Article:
Teen Wins Intel Prize for Keeping Airborne Germs From Spreading on Planes

Teen Wins Intel Prize for Keeping Airborne Germs From Spreading on Planes

by -
0

Raymond-Wang-Intel-ISEF

Ever been afraid of catching someone’s cold or flu on an airliner while you’re breathing everyone else’s air? A 17-year-old Canadian teenager has invented a system to keep those germs contained.

Raymond Wang (pictured above, right) took home the top prize of $75,000 Friday in the world’s largest high school science competition for an invention that corrals germs on airplanes.

His ventilation system cuts the number of germs by 5,500% while nearly tripling the amount of fresh air in the cabin– and it only costs about $1,000 per airplane to install.

To do it, he had to teach himself the complicated science of fluid dynamics.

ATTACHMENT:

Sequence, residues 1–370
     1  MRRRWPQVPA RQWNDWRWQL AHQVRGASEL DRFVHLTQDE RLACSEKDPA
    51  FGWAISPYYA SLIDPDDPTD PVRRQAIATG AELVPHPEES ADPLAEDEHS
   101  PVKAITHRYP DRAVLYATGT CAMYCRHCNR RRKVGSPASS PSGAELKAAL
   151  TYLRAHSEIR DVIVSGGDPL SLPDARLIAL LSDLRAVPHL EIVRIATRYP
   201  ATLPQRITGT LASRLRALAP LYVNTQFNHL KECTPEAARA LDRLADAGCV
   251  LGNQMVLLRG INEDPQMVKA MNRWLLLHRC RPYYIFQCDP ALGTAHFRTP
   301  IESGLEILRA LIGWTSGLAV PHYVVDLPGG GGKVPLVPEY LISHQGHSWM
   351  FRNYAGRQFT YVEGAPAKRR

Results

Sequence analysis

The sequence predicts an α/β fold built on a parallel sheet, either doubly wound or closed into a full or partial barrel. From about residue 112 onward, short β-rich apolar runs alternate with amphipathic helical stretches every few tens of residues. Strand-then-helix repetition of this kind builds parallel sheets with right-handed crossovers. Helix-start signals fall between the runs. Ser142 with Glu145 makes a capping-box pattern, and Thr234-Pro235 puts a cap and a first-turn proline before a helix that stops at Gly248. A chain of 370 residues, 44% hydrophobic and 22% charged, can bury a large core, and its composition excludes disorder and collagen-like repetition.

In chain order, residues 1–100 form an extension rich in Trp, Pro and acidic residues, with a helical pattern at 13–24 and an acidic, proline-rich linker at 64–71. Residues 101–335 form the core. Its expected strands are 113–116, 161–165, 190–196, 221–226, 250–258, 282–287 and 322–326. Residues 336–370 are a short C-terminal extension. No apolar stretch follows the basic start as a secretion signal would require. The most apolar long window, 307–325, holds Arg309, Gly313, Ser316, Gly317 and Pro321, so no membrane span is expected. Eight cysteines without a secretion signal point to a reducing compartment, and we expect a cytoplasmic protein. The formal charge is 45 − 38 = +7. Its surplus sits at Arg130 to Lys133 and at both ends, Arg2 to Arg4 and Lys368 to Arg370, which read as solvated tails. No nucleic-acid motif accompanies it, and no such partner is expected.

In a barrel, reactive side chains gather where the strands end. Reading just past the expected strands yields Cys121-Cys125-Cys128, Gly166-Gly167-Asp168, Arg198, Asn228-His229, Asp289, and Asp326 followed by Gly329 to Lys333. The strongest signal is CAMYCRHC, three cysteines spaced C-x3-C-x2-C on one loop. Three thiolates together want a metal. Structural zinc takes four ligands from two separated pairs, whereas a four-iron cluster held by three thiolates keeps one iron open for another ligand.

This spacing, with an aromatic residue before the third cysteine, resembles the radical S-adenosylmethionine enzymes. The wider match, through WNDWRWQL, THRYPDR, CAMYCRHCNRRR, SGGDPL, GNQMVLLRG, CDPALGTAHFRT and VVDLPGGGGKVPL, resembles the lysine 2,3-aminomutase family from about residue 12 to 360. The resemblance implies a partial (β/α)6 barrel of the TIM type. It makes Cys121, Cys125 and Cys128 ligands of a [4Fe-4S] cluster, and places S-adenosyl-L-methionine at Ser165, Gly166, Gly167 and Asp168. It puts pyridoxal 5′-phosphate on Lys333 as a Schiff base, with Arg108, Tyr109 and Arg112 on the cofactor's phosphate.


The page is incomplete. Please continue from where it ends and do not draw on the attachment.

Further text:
CHECK Out: Homeless Teen Named National Science Prize Finalist, Gets Housing and Help

Right now, the air inside an airliner circulates in two swirls, quickly spreading germs throughout the cabin. Wang designed fin-shaped devices that fit in the air inlets — effectively giving every passenger what he calls a “personalized ventilation zone” that pushes germs out of the cabin before they can spread

You can see the cabin air flow with Wang’s invention in the video below. See more winners of the Intel Fair, here.

(READ more in the Washington Post) – Photos by Intel

Spread this Story Like a Germ…Share It.

COMMENTS